"Be spontaneous!  Allow life's special times to take a shape all their own.  If you plan them too precisely in your heart or mind, you open the possibility for disappointment.  More importantly, you could miss the wonderful subtleties of spontaneity."
~Jan Bethancourt

Tuesday, June 8, 2010

Repetition is Hell

When was the last time you did something for the first time?

I have searched for the author of the quote, "Repitition is hell." I have been unsuccessful.  But in so doing I have come to this one conclusion. We should all be authors of this wonderful three word sentence. How many of us find every day to be a carbon copy of the previous one?  Repeating the same thing for breakfast, the same route to work, the same sameness day after day after day.  There is an answer if you are willing to take the step.

The answser is living your life on purpose!  Living your life knowing that this day, today,  is the first day of the rest of your life.  All your previous mistakes, omissions, blunders, loves, knowledge, choices, adventures, sustainability, and journeys are just that - previous.  They no longer are of any concern.  What is, is this day - this first day of the rest of your life.

For our military, the day they did not die, is their "Alive Day" or the first day of the rest of their lives.  The gift of life is theirs just as much as it is ours.  In fact, if you consider it thoroughly, facing their "Alive Day" allows us to face ours.  Their gift of freedom to us! So let's don't mess it up. 

Life is about choices, so choose wisely.  Your values are your personal mission about what is most important to you.  Today I ask what inspires you?  What activity or service is at the center of your personal mission?  What are your personal goals?  What are you doing to attain them?

I remember standing in the Sistine Chapel, hearing that Michelangelo painted it in just under five years.  He had a goal, a mission.  Five years...260 weeks...1,825 days...2,333,000 minutes.  What will you do in the next five years?  Again - What are your personal goals?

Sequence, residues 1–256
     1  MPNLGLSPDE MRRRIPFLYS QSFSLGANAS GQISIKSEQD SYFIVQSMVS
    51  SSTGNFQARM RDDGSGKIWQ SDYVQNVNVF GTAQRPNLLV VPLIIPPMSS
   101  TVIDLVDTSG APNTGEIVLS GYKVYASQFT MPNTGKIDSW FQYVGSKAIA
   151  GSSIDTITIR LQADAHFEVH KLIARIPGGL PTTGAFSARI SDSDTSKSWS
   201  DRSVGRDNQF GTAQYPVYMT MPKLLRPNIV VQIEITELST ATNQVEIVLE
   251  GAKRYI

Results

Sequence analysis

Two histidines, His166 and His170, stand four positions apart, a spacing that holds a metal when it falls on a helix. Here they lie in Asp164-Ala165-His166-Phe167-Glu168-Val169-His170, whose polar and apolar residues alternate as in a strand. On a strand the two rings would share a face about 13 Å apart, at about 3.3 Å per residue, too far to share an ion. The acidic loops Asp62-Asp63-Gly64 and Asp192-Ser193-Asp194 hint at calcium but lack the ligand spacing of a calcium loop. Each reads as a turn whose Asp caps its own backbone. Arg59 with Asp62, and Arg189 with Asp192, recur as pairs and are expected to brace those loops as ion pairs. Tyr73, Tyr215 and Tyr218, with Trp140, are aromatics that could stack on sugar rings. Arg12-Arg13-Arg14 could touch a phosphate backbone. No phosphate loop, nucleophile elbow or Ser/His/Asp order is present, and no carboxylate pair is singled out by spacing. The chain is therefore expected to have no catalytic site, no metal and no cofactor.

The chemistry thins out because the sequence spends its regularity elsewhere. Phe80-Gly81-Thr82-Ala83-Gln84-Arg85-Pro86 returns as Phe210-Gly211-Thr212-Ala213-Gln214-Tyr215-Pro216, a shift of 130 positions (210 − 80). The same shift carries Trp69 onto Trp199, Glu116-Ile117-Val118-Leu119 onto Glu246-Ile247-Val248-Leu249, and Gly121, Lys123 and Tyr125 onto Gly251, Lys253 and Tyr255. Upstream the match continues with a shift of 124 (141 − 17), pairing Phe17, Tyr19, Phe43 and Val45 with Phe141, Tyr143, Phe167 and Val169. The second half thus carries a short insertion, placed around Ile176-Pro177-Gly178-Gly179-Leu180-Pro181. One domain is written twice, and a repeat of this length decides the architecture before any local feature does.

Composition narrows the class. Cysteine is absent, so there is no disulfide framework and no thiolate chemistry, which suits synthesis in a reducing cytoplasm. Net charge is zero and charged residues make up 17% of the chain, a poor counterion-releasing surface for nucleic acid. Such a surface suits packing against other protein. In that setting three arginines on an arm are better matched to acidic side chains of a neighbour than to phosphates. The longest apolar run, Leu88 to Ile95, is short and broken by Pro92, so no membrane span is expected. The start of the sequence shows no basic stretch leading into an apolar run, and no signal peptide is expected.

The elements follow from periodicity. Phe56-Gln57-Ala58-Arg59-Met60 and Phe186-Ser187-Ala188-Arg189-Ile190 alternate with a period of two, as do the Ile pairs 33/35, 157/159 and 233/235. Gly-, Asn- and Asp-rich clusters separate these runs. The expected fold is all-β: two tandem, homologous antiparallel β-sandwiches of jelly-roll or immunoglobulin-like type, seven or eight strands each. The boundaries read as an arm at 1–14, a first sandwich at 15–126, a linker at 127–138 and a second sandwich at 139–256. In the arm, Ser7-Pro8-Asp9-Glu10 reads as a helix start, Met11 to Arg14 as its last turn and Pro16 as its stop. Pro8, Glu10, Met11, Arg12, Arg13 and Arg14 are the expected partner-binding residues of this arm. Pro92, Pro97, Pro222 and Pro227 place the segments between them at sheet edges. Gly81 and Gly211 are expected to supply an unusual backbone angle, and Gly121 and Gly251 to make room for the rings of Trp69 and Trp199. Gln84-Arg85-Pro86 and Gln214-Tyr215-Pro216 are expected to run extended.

A friend of mine has found his mission for the first time.  He helps prepare breakfast for the wounded soldiers at the Warror Family Support Center every Saturday morning.  This is his passion.  He feels it to the depth of his core, wondering why others don't get it, wondering why others don't step up to the plate and help their fellow man.  Isn't that what we are all here for?  So why are so many of us tied in knots to our jobs, securing more and more possessions and more and more money to purchase more and more possessions?  And then finding after we do secure these things we are still not happy.

What happened to the essence of being human? What happened to believing in yourself and not picking your soul off of the rack? What happened to your core values of pursuing service to others?  Take it from me.  There is nothing, absolutely nothing like it.

Today ask yourself what is your personal aim for your life.  Not your professional goals, but the goals that make your heart sing. The goals that your core values are telling you to pursue.  You just might be surprised.  If you can't think of anything, then perhaps it is time to reevaluate your life. 

Dream, aim high! Make certain you always make the effort to make the people around you happier people, better people.  I have learned that if the people around me drag me down, they must go.  I choose to have those people around me who will lift me up and help me realize my goals.